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Glossary Air-quality model A computer-based mathematical model used to pre- dict air quality based upon emissions and the effects of the transport, dis- persion, and transformation of compounds emitted into the air. Arterial A roadway that serves major traffic movements, and second- arily provides access to abutting land. Arterials generally carry higher traffic volumes at higher speeds than collectors and local streets, but carry lower volumes at lower speeds than expressways, freeways, and other lim- ited access and grade separated facilities. Ambient air—The air outside of structures. Often used interchangeably with "outdoor air." California Air Resources Board (CARB) A part of the California Environmental Protection Agency whose mission it is to promote and pro- tect public health, welfare and ecological resources through the effective and efficient reduction of air pollutants while recognizing and considering the effects on the economy of the state. Carbon monoxide (CO) A colorless, odorless gas resulting from the incomplete combustion of hydrocarbon fuels. Clean Air Act (CAA) The original Clean Air Act was passed in 1963, but our national air pollution control program is actually based on the 1970 version of the law. The 1990 Clean Air Act Amendments (CAAA90) are the most recent and far-reaching revisions of the 1970 law. 226
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GtossAaY 227 Clean screening The use of methods such as remote sensing measure- ments or vehicle profiling by states to excuse cars from a scheduled inspec- tion and maintenance (I/M) emissions test. Collector A street that provides access within neighborhoods as well as commercial and industrial districts, and which channels traffic from local streets to arterials. Conformity (transportation conformity) A process to demonstrate whether a federally supported activity is consistent with the air quality goals in State Implementation Plans (SIPs). Transportation conformity demonstrates that plans, programs, and projects approved or funded by the Federal Highway Administration, or the Federal Transit Administra- tion for regionally-significant projects do not create new violations, in- crease the frequency or severity of existing violations, or delay timely at- tainment of NAAQS. General conformity refers to projects approved or funded by other federal agencies. Criteria air pollutants A group of common air pollutants (carbon mon- oxide, lead, nitrogen dioxide, ozone, particulate matter, and sulfur dioxide) regulated by the Federal Government since the passage of the Clean Air Act in 1970 on the basis of information on health and/or environmental effects of each pollutant. Dose The amount of a contaminant that is absorbed or deposited in the body of an exposed organism for an increment of time-usually from a sin- gle medium. Total dose is the sum of doses received by a person from a contaminant in a given interval resulting from interaction with ad envi- ronmental media that contain the contaminant. Units of dose and total dose (mass) are often converted to units of mass per volume of physiologi- cal fluid or mass of tissue. Dose-response The relationship between the dose of a pollutant and the response or effect it produces on a biological system. Emissions budget—Allowable emissions levels identified as part of a state implementation plan for pollutants emitted *om mobile, industrial, stationary, and area sources. These emissions levels are used for meeting emission reduction milestones, attainment, or maintenance demonstra- tions. Emissions factor The relationship between the amount of pollution produced and the amount of raw material processed or burned, or between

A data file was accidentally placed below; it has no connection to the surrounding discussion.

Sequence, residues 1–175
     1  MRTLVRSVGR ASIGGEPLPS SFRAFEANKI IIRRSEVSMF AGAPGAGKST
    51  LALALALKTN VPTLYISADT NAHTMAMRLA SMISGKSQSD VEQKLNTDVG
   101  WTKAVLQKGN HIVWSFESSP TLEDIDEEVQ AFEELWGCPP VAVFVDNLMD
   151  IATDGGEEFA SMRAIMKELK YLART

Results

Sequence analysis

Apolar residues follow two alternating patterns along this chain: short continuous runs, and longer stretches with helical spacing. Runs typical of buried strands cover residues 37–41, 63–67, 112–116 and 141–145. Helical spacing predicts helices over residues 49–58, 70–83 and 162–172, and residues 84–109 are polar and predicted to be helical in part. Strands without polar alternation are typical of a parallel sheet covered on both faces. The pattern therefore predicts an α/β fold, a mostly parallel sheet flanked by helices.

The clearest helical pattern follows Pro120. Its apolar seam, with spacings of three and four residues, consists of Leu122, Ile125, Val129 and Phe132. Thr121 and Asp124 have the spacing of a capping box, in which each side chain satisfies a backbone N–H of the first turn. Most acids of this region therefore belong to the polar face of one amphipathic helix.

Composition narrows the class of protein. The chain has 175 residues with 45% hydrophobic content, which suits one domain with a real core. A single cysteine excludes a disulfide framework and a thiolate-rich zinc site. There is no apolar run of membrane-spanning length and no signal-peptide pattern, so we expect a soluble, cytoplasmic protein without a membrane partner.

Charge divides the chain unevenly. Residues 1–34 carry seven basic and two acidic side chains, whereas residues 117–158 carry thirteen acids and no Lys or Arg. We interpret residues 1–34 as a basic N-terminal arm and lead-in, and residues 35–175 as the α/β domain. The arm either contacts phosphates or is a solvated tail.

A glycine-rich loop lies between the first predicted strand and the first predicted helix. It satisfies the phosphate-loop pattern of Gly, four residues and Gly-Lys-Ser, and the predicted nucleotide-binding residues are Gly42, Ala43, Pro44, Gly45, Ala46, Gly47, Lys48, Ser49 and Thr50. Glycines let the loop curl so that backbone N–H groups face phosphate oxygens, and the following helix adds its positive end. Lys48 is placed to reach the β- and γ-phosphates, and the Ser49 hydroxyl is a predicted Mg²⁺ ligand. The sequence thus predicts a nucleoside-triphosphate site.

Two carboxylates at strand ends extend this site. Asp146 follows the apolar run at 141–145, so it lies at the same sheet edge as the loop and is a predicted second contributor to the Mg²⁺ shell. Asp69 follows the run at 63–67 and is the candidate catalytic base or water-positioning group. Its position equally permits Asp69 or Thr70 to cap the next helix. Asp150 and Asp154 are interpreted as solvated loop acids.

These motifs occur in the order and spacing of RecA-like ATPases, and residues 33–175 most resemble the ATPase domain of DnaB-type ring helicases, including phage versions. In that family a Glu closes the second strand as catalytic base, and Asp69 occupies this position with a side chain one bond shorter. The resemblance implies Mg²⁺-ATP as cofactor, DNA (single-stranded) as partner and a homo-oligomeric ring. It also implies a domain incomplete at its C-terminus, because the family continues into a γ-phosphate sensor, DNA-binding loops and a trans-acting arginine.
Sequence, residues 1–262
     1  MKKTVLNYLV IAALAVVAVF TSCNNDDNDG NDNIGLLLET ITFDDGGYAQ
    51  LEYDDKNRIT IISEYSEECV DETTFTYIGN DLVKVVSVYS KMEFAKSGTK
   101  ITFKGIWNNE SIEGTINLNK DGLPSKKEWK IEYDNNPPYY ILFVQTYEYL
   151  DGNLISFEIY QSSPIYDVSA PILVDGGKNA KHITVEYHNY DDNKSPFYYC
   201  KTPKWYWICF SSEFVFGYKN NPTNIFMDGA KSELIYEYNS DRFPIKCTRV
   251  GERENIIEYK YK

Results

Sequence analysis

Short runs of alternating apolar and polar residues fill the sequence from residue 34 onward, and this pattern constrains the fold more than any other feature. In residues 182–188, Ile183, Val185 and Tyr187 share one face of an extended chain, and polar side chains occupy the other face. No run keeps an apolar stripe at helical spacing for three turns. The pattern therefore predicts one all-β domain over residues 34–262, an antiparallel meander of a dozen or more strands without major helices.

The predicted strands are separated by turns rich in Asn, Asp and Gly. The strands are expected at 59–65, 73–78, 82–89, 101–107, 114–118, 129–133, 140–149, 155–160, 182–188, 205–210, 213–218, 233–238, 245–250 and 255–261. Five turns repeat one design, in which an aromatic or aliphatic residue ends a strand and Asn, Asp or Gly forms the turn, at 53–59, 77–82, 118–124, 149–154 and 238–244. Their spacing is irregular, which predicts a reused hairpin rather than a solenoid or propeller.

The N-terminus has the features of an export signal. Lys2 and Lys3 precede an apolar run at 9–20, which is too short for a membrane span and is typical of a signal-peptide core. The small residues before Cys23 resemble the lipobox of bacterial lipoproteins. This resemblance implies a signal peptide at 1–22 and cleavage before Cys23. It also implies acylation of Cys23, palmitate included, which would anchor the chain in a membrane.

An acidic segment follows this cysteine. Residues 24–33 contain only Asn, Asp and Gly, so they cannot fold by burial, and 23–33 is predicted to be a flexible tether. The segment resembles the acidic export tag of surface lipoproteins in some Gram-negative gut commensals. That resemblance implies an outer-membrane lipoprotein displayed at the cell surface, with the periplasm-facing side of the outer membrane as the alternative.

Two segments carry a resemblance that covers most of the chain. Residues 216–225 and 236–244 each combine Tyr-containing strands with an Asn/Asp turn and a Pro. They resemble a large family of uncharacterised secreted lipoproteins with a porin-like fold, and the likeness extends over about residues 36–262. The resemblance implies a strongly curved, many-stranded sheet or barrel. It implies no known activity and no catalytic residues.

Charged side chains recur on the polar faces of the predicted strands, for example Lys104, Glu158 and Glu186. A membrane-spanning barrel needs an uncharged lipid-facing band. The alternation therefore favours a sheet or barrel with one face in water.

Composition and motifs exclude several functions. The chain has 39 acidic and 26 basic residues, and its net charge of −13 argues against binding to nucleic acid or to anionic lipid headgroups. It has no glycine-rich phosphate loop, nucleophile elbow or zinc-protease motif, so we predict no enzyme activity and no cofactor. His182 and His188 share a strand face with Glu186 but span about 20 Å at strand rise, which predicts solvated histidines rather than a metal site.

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228 MODELING MOBI[E-SOURCE EMISSIONS the amount of pollution produced and the activity level. By using the emis- sion factor of a pollutant and specific data regarding quantities of materi- als used by a given source or the activity of a given source, it is possible to compute emissions for the source. In the case of mobile source emissions, the product of an emission factor estimated in mass of pollutant per unit distance (e.g., grams per mile) and an activity estimate in distance (e.g., average miles traveled) produces an estimate of emissions. In the case of stationary source emissions, the product of an emission factor in mass of pollutant per unit energy (e.g., pounds per million Btu) and the amount of energy consumed produces an estimate of emissions. Emissions inventory Estimates of the amount of pollutants emitted into the atmosphere from major mobile, stationary, area-wide, and natural source categories over a specific period of time such as a day or a year. Exceedance Air pollution event in which the ambient concentration of a pollutant exceeds a National Ambient Air Quality Standard (NAAQS). Ethanol EthyI-alcohol, a volatile alcohol containing two carbon atoms (CH3CH2OH). For fuel use, ethanol is produced by fermentation of corn or other plant products. Exposure—An event that occurs when there is contact at a boundary be- tween a human and the environment with a contaminant of a specific con- centration for an interval of time; the units of exposure are concentration multiplied by time. Fast pass Fast pass is a process that recognizes very clean cars early in the IM240 test cycle and passes them without the need to complete the fuB test. Federal Implementation Plan (FIP) In the absence of an approved state implementation plan, a plan prepared by the U.S. Environmental Protection Agency (EPA) that provides measures that nonattainment ar- eas must take to meet the requirements of the Federal Clean Air Act. Federal Test Procedure (FTP)—A certification test for measuring the tailpipe and evaporative emissions from new vehicles over the Urban Dy- namometer Driving Schedule, which attempts to simulate an urban driv- ing cycle. Gasoline volatility—The evaporative properties of gasoline. Gasoline vapor contains volatile organic compounds.